Pakistan’s government has signed a month-long ceasefire agreement with the country’s version of the Taliban, bringing a potential end to more than a decade of conflict.
The tentative truce with the Tehrik-i-Taliban Pakistan (TTP), also known as the Pakistani Taliban, was announced yesterday after talks mediated by the new Taliban government in Afghanistan.
Relatives of those who died during the group’s brutal campaign of violence said they could not support negotiations by Imran Khan’s government with “murderers and terrorists” — or questioned why a ceasefire could not have come sooner.
Formed in 2007, the TTP have been responsible for thousands of deaths but became best known, in the West, for a gun attack on Malala Yousafzai, who recovered from bullet wounds and later won the Nobel peace prize for her activism in favour of female education.
The Pakistani Taliban were also responsible for the 2014 massacre at a military-operated school in Peshawar, which resulted in the deaths of 141 people, including 132 schoolchildren.
That tragedy provoked a military campaign against the group by Pakistan’s armed forces, which significantly reduced their capacity to carry out attacks.
A spokesman for the TTP, Mohammad Khurasani, confirmed that the ceasefire would begin today and last until December 9. Fawad Chaudhry, Pakistan’s information minister, had earlier confirmed the agreement and said it could be “extendable”, subject to continuing negotiations.
Pakistan’s government hopes that the agreement could end the militant group’s campaign of violence which has lasted nearly 15 years.
Families of victims and opposition politicians denounced the move today. “We are not in favour of negotiating with these murderers and terrorists and we would not accept any kind of deal with them,” Ajun Khan, whose 15-year-old son, Asfand, was killed in the school attack, told The Times. “We are protesting against the government move and it’s our right to pursue our cases in the courts.
In a reference to the mediated talks, he said: “This is the Taliban’s government [in Afghanistan] and their B team [in Pakistan] and we are not trusting them”.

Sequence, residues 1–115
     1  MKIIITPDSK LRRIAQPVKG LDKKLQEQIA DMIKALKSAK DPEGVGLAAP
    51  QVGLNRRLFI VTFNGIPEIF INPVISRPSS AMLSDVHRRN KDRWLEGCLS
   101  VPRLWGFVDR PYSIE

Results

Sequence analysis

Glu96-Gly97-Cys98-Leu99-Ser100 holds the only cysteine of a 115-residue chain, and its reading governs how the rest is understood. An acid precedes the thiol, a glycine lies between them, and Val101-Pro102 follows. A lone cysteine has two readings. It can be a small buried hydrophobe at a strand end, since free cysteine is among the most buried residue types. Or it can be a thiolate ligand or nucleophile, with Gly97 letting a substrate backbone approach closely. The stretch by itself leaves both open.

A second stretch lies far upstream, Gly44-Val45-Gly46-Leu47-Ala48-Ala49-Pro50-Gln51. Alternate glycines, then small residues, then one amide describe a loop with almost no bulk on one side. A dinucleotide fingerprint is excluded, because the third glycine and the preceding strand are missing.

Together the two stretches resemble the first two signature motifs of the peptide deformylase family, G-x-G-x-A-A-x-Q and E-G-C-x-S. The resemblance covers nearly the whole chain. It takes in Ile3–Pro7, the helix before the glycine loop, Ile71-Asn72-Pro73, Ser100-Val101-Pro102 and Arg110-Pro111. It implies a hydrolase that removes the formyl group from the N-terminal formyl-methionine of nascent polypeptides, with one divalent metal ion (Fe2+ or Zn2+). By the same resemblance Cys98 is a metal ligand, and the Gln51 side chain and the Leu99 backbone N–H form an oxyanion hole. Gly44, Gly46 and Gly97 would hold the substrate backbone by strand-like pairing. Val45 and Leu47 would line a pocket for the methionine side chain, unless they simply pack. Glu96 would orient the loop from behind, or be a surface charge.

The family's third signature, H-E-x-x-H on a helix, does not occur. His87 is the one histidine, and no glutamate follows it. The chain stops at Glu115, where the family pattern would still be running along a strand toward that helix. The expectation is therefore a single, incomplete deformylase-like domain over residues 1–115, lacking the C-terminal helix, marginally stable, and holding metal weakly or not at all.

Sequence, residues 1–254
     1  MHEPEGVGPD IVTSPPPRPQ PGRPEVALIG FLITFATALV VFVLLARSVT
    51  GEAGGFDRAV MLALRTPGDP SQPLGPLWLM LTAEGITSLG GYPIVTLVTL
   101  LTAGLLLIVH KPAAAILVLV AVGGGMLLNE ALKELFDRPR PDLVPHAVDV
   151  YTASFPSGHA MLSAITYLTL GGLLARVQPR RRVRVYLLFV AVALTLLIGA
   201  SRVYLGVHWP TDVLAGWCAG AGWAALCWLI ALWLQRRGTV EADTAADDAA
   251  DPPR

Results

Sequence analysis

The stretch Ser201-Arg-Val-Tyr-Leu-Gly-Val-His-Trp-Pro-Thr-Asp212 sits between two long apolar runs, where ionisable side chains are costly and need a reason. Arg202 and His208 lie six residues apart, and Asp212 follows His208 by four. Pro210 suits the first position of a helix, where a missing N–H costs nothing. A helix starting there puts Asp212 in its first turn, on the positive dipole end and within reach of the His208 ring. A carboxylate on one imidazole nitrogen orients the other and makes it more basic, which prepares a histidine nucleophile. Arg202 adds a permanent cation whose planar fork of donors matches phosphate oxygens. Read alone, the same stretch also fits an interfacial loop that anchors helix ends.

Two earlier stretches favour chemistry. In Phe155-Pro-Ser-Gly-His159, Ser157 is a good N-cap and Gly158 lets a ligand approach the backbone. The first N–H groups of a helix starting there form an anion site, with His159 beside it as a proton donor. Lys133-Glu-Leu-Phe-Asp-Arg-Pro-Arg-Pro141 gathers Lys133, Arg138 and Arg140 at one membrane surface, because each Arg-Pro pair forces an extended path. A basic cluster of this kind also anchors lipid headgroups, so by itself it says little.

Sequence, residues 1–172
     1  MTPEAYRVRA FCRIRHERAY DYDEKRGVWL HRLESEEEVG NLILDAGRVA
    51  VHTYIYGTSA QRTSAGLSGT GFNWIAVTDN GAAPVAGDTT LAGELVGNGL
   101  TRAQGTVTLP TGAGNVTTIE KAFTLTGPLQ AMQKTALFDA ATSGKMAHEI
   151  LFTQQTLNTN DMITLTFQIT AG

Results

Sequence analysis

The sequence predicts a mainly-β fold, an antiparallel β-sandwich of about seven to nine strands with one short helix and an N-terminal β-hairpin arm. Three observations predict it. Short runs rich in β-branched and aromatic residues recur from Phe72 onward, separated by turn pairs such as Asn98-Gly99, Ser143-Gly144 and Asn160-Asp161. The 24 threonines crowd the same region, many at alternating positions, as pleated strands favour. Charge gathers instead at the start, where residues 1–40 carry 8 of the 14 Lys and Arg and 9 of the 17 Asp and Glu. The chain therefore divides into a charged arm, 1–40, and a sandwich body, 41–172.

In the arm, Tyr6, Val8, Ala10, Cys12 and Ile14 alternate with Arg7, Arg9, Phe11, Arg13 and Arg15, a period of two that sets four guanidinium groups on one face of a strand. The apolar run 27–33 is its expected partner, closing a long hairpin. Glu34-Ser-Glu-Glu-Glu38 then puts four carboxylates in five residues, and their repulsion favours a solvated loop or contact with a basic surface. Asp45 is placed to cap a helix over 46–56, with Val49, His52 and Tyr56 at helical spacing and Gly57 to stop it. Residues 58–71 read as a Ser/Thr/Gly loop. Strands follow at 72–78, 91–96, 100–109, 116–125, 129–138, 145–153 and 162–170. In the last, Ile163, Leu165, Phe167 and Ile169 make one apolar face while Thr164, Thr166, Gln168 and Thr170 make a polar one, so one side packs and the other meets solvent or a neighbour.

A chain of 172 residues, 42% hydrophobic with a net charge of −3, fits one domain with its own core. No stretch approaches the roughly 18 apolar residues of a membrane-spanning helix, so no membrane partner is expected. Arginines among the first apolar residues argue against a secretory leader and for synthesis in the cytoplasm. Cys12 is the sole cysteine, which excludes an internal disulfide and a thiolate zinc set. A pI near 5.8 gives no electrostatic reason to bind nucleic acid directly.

Dost Muhammad, whose son Asad Aziz also died in Peshawar, added: “We are not taken on board by this government regarding talks with the killers of our children. They have no right to decide alone and talk with the TTP — at least morally they should have informed us before making any decision.
“They are the political elite and [prime minister] Imran Khan’s own children are living luxurious lives in London. He is unable to feel our pain and sorrow. If the negotiations are the solution then why did they not negotiate before? At least our children and many other civilians and military officials’ lives would have been saved”.
Tufail Khan, father of Sher Shah, 15, who was killed in the 2014 massacre, took a different view, saying: “If we attain peace through negotiation and these kinds of brutal attacks could be stopped in future then we support this process with brave hearts. Our loss is irreparable and our children were innocent and we are still suffering from the tragedy and trauma. To save other children from such attacks if the negotiations bring peace then we will support this, though we will not forgive the killers”.
There have been multiple peace agreements between the Pakistani state and the militant group, all previously short-lived, with both sides soon accusing each other of reneging on the terms of the deal. Although all past deals were led by the military, with civilian governments mostly acting as wary bystanders, this time the talks have been championed by Pakistan’s cricketer star turned politician Khan.
Even in opposition Khan, 69, was a huge supporter of talks with militant groups. He had repeatedly advised Washington to negotiate with the Afghan Taliban, who are distinct from the TTP despite sharing a militant Salafist Islamic ideology.
Khan was also a vocal critic of US-led drone strikes against both the Afghan and Pakistani groups, and had claimed that he would negotiate with the TTP when he got into power.
The minister Chaudhry stressed that the talks with the TTP, which have taken place at an undisclosed location in Afghanistan, were being held “strictly in line with the constitution and the law of Pakistan”.
However, Afghan and Pakistani sources say that the TTP is demanding a blanket amnesty and release of all its fighters in Pakistani custody in exchange for extending the peace deal.
Civil society activists also criticised the apparent capitulation of the Pakistani state, which has recently signed a deal with a hardline Islamist party, Tehreek e Labbaik Pakistan, which threatened to lay siege to the capital, Islamabad.
Opposition politicians believe the success of the Afghan Taliban in taking power in Kabul has emboldened the TTP, which had been severely degraded by multiple military operations against the group by Pakistani armed forces, as well as defection by TTP fighters to local chapters of Islamic State.